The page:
The UK craft sector isn’t a ‘hipster’ economy. It’s sparking innovation | Rosy Greenlees | Opinion | The Guardian

 

The craft and making sector has created the basis for the disruptive collaboration that led to breakthroughs such as 3D printing, the application of prosthetics in surgery, and the design of the wearable technologies set to revolutionise our clothing. Craft and making can be artisanal but the myth swallowed by policymakers is that it is little more than this. A cute, niche sector. But Britain has quietly built up a £3.4bn making economy, influencing everything from the automotive industry to smartphones. It is also reshaping the way larger brands produce and engage with customers. Companies ranging from Adidas to Ikea have set up design units based on the craft innovation model. Ikea’s Space10 development in Copenhagen, for instance, is specifically based on the idea of collective co-creation. The second myth is that this new craft industry is not an employer, instead being a small ecosystem of makers and curators. Yes, the sector has not given birth to any super-companies yet but neither has the much-vaunted UK tech sector. Instead both have created not corporate monoliths but hundreds, maybe thousands, of small, highly specialised firms that are transforming our economy and the relationship between producer and consumer.

Read the full story here

The UK craft sector isn’t a ‘hipster’ economy. It’s sparking innovation | Rosy Greenlees | Opinion | The Guardian

 

The craft and making sector has created the basis for the disruptive collaboration that led to breakthroughs such as 3D printing, the application of prosthetics in surgery, and the design of the wearable technologies set to revolutionise our clothing. Craft and making can be artisanal but the myth swallowed by policymakers is that it is little more than this. A cute, niche sector. But Britain has quietly built up a £3.4bn making economy, influencing everything from the automotive industry to smartphones. It is also reshaping the way larger brands produce and engage with customers. Companies ranging from Adidas to Ikea have set up design units based on the craft innovation model. Ikea’s Space10 development in Copenhagen, for instance, is specifically based on the idea of collective co-creation. The second myth is that this new craft industry is not an employer, instead being a small ecosystem of makers and curators. Yes, the sector has not given birth to any super-companies yet but neither has the much-vaunted UK tech sector. Instead both have created not corporate monoliths but hundreds, maybe thousands, of small, highly specialised firms that are transforming our economy and the relationship between producer and consumer.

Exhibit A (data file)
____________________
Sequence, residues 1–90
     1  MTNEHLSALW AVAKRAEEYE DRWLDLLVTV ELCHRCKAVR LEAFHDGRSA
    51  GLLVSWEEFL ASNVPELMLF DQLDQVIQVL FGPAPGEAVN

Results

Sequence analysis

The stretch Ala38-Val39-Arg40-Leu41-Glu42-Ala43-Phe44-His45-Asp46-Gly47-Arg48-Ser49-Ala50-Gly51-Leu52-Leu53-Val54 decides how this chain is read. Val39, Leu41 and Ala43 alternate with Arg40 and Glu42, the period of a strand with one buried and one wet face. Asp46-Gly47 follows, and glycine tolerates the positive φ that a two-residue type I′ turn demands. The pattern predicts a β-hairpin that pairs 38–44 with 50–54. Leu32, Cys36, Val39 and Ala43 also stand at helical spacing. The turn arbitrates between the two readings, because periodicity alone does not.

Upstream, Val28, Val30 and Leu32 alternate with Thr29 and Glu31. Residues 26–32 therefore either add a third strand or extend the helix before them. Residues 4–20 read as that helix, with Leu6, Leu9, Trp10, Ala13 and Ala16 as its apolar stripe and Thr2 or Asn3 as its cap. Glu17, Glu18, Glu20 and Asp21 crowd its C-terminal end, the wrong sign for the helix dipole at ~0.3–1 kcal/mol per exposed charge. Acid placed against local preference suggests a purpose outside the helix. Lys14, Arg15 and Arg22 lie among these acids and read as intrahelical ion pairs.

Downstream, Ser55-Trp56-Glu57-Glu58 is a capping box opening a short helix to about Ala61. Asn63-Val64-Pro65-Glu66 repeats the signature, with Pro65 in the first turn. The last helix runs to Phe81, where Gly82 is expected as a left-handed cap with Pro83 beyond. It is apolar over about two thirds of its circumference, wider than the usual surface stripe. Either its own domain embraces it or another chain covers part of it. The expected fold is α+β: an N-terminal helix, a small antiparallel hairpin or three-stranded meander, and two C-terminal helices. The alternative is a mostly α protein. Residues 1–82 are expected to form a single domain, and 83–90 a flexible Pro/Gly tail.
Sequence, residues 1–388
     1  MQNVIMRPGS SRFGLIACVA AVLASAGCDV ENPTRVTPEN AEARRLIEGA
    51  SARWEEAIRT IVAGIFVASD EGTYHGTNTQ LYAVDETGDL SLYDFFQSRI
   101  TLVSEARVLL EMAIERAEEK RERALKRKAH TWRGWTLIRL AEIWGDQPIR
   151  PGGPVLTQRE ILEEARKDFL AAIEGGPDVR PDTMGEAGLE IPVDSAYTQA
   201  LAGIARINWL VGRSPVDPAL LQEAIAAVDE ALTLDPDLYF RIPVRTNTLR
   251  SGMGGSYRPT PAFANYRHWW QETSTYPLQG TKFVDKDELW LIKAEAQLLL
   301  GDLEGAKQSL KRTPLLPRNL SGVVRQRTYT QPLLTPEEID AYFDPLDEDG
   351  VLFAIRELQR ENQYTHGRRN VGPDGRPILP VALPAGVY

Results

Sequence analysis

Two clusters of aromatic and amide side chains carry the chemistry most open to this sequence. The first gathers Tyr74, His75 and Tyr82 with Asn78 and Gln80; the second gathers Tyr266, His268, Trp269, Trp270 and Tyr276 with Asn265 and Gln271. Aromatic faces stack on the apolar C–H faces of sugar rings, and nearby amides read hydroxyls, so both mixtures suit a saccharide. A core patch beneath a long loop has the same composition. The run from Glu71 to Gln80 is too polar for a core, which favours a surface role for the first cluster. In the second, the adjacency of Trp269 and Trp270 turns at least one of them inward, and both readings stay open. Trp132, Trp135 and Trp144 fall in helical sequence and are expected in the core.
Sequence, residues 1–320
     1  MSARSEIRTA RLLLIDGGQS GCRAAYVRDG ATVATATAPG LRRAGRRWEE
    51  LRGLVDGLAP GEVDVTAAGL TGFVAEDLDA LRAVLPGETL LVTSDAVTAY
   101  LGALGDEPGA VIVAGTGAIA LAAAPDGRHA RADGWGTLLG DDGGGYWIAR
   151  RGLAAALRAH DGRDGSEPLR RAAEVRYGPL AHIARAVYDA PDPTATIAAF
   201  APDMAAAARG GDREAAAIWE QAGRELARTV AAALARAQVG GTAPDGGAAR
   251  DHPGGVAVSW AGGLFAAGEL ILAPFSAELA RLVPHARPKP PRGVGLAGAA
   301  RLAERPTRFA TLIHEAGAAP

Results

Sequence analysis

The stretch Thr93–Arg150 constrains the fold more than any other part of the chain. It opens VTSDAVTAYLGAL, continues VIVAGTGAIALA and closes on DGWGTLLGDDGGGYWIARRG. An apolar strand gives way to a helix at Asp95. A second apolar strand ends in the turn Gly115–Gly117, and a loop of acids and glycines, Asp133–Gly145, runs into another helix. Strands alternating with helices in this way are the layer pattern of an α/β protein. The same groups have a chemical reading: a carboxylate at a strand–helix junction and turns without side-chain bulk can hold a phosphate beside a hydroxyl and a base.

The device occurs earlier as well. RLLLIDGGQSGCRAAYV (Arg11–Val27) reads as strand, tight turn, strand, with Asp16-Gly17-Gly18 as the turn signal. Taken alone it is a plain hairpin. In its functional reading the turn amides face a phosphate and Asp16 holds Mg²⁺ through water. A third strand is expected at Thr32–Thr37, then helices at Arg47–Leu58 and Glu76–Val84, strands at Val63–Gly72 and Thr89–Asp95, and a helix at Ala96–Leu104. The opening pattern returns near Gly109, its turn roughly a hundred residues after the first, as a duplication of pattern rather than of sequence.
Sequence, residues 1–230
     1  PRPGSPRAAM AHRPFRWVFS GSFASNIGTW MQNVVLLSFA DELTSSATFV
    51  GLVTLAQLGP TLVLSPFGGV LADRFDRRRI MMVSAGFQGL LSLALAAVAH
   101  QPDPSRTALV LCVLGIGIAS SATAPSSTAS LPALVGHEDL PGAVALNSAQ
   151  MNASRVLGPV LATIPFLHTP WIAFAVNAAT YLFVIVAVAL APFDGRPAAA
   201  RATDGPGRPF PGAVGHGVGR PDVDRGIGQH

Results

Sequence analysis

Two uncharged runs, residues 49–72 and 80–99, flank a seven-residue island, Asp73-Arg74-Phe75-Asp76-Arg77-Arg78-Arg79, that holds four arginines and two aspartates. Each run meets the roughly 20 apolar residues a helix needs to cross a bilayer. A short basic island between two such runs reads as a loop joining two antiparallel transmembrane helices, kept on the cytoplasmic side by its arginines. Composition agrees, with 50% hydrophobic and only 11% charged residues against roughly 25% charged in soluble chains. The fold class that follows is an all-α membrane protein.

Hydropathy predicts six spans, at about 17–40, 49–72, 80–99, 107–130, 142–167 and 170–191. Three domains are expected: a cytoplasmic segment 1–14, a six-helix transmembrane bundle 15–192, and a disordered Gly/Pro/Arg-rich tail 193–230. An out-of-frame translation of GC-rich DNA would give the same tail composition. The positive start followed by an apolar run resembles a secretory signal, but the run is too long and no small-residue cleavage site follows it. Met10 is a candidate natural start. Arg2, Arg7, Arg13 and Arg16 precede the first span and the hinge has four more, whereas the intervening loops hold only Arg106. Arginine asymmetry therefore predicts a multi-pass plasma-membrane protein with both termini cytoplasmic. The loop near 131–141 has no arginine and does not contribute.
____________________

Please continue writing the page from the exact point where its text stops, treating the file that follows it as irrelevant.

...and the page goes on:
Read the full story here

The UK craft sector isn’t a ‘hipster’ economy. It’s sparking innovation | Rosy Greenlees | Opinion | The Guardian

 

The craft and making sector has created the basis for the disruptive collaboration that led to breakthroughs such as 3D printing, the application of prosthetics in surgery, and the design of the wearable technologies set to revolutionise our clothing. Craft and making can be artisanal but the myth swallowed by policymakers is that it is little more than this. A cute, niche sector. But Britain has quietly built up a £3.4bn making economy, influencing everything from the automotive industry to smartphones. It is also reshaping the way larger brands produce and engage with customers. Companies ranging from Adidas to Ikea have set up design units based on the craft innovation model. Ikea’s Space10 development in Copenhagen, for instance, is specifically based on the idea of collective co-creation. The second myth is that this new craft industry is not an employer, instead being a small ecosystem of makers and curators. Yes, the sector has not given birth to any super-companies yet but neither has the much-vaunted UK tech sector. Instead both have created not corporate monoliths but hundreds, maybe thousands, of small, highly specialised firms that are transforming our economy and the relationship between producer and consumer.

Read the full story here

The UK craft sector isn’t a ‘hipster’ economy. It’s sparking innovation | Rosy Greenlees | Opinion | The Guardian

 

The craft and making sector has created the basis for the disruptive collaboration that led to breakthroughs such as 3D printing, the application of prosthetics in surgery, and the design of the wearable technologies set to revolutionise our clothing. Craft and making can be artisanal but the myth swallowed by policymakers is that it is little more than this. A cute, niche sector. But Britain has quietly built up a £3.4bn making economy, influencing everything from the automotive industry to smartphones. It is also reshaping the way larger brands produce and engage with customers. Companies ranging from Adidas to Ikea have set up design units based on the craft innovation model. Ikea’s Space10 development in Copenhagen, for instance, is specifically based on the idea of collective co-creation. The second myth is that this new craft industry is not an employer, instead being a small ecosystem of makers and curators. Yes, the sector has not given birth to any super-companies yet but neither has the much-vaunted UK tech sector. Instead both have created not corporate monoliths but hundreds, maybe thousands, of small, highly specialised firms that are transforming our economy and the relationship between producer and consumer.

Read the full story here

The UK craft sector isn’t a ‘hipster’ economy. It’s sparking innovation | Rosy Greenlees | Opinion | The Guardian